The individual who wants to develop a personal blog will want the cost to be as near to zero as possible as there is no income generated. They may be prepared to spend a limited amount of money, but purely for vanity reasons.
The individual who wants to generate some money will be prepared to spend a little on themes and plugins in the hope that any outlay is recouped from the money earned. The more experienced a user is the more likely they are to pay more for a specific theme or plugin that increases their chance of making money.
The company in need of a website will have to weigh up the cost of a custom coded website VS a WordPress website. Sometimes, a WordPress site just won’t do the job. ( For example, it may need to integrate with certain software, deliver certain types of content, perform certain tasks, etc.) But assuming WordPress can do what the company wants, the company will be prepared to spend a little bit more on the themes and plugins knowing that it is cheaper than a custom coded website.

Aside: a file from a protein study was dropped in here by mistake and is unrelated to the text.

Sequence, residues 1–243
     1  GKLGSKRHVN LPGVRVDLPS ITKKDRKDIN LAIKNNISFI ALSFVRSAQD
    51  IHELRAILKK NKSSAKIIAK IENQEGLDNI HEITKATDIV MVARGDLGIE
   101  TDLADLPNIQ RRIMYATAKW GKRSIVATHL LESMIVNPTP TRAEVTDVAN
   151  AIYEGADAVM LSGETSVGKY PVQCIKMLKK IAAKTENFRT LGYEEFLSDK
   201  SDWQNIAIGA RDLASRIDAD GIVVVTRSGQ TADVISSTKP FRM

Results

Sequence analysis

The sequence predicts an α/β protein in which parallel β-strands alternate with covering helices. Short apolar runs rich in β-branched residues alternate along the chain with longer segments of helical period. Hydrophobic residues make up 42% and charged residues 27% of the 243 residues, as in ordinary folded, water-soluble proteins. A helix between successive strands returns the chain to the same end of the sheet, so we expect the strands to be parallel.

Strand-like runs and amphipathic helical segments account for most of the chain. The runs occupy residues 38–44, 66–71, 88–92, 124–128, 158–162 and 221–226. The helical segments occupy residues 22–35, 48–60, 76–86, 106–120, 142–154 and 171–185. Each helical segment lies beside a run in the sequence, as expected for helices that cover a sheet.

The company in need of a website purely as a blog to complement their existing website will be prepared to spend a little more on a theme and plugins to bring it’s look into line with the main site. The bigger the company, the more important it will be for consistency in the branding – think Coca Cola, Ford, etc. For this type of company, the budget available will be considerably more. For a local business, the budget will be considerably less bordering on free.
There are exceptions to all of the above, but as a general rule the above scenarios are true.